|McIntyre guided the Cadets to back-to-back
8-3 seasons in his final two seasons at the
helm of the Norwich program.
Norwich Athletics photo
NORTHFIELD, Vt. – Departing Norwich University football head coach Shawn McIntyre leaves the school having laid a solid foundation for the program that
bodes well for its continued success moving forward. The 28th coach in the school's history, McIntyre guided the Cadets to back-to-back 8-3 records in his final two seasons patrolling the Norwich sideline and led them to the team's first-ever conference title in 2009.
"I personally want to thank Shawn for his tireless dedication to Norwich football and the university, and wish him great success in his future endeavors," said Athletic Director Tony Mariano at the institution's press conference Wednesday announcing McIntyre's resignation.
McIntyre decided to step down from his post in order to pursue a professional opportunity in athletics manufacturing.
"This program is at a good point, but there is more to accomplish," McIntyre said. "I know that Norwich University football is ready to go on and be a NCAA playoff team."
McIntyre exits Norwich as the fifth-winningest head coach in the school's history, registering a 25-37 career record over six years. He went 16-6 in his final two seasons in charge of the Maroon & Gold, including a school-record 11 straight wins during the 2009 and 2010 seasons.
McIntyre took over the program from former coach Mike Yesalonia before the 2005 season. After enduring four straight losing seasons to begin his tenure, McIntyre helped usher in a new era of Norwich football in 2009. That year, the team moved from the New York-based Empire 8 Conference to the newly formed Eastern Collegiate Football Conference (ECFC). The transition allowed NU to play more teams in the New England region, making for less travel, and also gave the Cadets the oppurtunity to play in front of a larger alumni base.
2009 was a magical season for McIntyre and the Cadets, as they reeled off seven straight wins after an 0-3 start to reach the inaugural, and only, ECFC Championship Game. Orwin Etkins recorded a team-record five rushing touchdowns in that game as Norwich rolled past Mt. Ida, 49-14, on a muddy Sabine Field. The conference title was the first for a football program that dates all the way back to 1893.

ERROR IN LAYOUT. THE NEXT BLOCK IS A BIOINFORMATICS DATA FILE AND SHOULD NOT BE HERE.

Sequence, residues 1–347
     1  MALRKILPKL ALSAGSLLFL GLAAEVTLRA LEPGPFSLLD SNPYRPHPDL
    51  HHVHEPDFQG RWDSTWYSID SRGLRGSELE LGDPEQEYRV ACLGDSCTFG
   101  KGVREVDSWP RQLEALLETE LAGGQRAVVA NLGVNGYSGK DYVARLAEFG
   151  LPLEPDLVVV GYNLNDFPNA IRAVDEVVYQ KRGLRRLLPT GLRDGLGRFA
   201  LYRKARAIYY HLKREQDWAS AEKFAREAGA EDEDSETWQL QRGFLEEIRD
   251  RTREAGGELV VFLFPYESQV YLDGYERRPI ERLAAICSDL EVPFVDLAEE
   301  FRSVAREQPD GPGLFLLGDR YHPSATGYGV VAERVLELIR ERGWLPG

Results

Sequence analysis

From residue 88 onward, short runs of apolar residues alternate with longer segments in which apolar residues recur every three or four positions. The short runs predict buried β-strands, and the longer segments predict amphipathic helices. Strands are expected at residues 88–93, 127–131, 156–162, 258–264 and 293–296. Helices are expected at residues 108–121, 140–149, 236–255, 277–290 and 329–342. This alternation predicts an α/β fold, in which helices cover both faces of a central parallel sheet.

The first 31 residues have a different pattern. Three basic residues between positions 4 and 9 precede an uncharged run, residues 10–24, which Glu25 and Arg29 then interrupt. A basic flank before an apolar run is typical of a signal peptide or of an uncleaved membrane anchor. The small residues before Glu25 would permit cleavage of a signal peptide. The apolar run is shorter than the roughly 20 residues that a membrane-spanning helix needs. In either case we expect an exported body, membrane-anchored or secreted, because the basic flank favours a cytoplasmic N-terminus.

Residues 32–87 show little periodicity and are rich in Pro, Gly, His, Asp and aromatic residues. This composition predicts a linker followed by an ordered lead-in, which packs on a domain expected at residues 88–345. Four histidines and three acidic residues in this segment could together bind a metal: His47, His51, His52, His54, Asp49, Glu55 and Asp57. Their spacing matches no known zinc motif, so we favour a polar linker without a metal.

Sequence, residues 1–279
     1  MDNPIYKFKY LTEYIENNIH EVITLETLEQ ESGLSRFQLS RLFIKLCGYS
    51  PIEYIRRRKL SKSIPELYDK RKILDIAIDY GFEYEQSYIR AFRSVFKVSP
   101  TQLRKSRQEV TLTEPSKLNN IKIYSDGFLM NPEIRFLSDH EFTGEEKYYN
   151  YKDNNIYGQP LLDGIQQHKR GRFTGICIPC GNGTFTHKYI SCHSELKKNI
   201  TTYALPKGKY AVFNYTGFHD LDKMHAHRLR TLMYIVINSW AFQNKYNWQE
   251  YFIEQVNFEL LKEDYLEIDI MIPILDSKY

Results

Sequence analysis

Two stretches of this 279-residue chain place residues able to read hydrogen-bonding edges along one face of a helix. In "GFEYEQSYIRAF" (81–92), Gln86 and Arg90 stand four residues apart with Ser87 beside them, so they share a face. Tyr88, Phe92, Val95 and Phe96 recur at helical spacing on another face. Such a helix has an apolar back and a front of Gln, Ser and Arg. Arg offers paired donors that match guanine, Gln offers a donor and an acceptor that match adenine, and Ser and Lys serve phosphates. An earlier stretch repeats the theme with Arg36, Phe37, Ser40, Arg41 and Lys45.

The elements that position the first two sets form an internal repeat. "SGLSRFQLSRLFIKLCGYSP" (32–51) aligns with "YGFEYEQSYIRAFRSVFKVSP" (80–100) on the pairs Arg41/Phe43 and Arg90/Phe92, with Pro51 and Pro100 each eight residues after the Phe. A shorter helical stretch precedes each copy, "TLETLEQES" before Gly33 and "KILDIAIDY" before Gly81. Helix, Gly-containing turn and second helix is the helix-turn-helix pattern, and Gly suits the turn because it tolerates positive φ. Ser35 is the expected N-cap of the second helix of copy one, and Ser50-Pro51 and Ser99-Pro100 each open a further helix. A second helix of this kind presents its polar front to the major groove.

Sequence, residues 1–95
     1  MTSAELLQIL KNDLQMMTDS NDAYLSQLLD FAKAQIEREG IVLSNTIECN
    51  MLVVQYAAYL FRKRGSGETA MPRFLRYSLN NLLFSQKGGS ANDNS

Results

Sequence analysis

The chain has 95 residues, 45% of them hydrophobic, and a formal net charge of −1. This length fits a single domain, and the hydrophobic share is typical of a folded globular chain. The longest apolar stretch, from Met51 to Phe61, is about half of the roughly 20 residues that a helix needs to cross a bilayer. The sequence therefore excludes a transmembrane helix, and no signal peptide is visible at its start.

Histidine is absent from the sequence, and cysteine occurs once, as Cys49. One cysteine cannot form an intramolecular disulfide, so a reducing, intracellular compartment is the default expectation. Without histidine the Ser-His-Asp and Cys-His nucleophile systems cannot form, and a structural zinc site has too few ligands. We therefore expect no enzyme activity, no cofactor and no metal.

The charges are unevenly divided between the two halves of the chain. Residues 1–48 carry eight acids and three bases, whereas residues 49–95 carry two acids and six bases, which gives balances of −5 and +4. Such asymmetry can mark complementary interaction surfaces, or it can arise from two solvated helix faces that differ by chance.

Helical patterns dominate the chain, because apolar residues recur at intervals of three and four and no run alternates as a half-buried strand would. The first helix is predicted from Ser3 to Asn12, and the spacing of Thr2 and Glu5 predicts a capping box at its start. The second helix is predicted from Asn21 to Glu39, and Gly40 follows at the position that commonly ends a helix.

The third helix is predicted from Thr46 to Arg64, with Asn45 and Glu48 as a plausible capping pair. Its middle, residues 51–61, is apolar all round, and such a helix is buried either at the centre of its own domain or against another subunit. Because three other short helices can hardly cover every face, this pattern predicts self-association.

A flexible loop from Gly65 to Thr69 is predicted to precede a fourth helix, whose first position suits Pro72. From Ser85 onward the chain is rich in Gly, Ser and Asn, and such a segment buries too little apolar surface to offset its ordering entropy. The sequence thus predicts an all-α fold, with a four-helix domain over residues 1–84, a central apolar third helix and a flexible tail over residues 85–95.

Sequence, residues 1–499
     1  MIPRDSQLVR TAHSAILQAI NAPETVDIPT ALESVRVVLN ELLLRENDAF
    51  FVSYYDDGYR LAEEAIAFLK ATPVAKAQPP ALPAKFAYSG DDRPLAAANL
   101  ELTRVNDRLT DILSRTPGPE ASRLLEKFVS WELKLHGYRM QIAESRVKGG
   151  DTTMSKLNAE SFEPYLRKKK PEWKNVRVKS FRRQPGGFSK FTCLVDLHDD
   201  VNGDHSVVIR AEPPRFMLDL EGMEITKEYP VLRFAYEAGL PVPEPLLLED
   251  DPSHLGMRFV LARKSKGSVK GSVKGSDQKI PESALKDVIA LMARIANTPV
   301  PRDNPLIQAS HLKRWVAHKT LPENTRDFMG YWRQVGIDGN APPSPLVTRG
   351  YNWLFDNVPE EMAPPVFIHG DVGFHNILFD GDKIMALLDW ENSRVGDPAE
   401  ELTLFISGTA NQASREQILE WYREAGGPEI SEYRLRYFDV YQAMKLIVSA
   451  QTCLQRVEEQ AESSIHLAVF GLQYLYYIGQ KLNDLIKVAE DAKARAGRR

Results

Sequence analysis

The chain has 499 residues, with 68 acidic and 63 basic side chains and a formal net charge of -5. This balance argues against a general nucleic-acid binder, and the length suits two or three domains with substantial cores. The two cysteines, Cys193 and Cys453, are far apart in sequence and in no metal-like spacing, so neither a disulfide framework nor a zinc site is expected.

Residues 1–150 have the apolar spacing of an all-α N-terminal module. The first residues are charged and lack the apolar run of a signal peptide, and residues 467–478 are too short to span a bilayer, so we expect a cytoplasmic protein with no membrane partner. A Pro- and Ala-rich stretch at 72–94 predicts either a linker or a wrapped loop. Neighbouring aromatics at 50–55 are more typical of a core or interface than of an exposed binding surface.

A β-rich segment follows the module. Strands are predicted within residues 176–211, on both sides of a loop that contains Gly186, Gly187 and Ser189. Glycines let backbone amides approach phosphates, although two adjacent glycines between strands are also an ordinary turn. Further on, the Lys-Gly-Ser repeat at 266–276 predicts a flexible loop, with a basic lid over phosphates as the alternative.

On the field, McIntyre oversaw a change in offensive philosophy as the Cadets moved from a pro-style vertical passing game to a spread-option rushing attack. Norwich ranked seven nationally in NCAA Division III in rushing in 2009 (294.36 yards per game) and sixth (336.27 yards per game) in 2010.
Two separate players had 1,000-yard rushing seasons under McIntyre, with Darnell Jackson rushing for 1,002 yards in 2007 and Andrew Fulford for 1,006 yards in 2010. Jackson ended his career as the school's all-time leading rusher, accumulating 3,045 yards during his four seasons at NU.
"As outstanding as Shawn's accomplishments were on the football field, I believe Shawn's greatest asset was the relationships he developed with his players," stressed Mariano. "He helped guide and mentor them to become outstanding citizens both on and off the field."
Numerous players earned individual accolades under McIntyre's watch. During his time at the helm of the program, 20 Cadets were named All-Empire 8, 27 All-ECFC and five were named to the New England Football Writers' Division II/III All New-England Team.
McIntyre oversaw the 2007 Empire 8 "Rookie of the Year" (Jason Springer), the 2009 ECFC "Co-Rookie of the Year" (Kris Sabourin) and "Defensive Player of the Year" (Reza Afsarmanesh), and the 2010 ECFC "Co-Offensive Player of the Year" (Sabourin) and "Special Teams Player of the Year" (Long Ding).
McIntyre was an instrumental part in the team securing new uniforms and the renovation of the squad's locker room, both much needed upgrades allowing Norwich to compete at a high level going into the future. During his time in Northfield, McIntyre also saw new coaches' offices built and a significant upgrade to the team's film room technology as it switched from tapes to a contemporary computer-based digital system.
McIntyre also served on the committee working to bring a modernized stadium to Sabine Field, one that will include a state-of-the-art turf field along with new stands and lighting for potential night games.
"Norwich is a very, very special place; it's a very special football program," said McIntyre. "We have ideals here, we have beliefs here, there are values here that you don't find in America every day."
In any football program, in any leadership command, there will be change. For six years I have come to work at Norwich and it wasn't a job, it was a passion, and I loved it."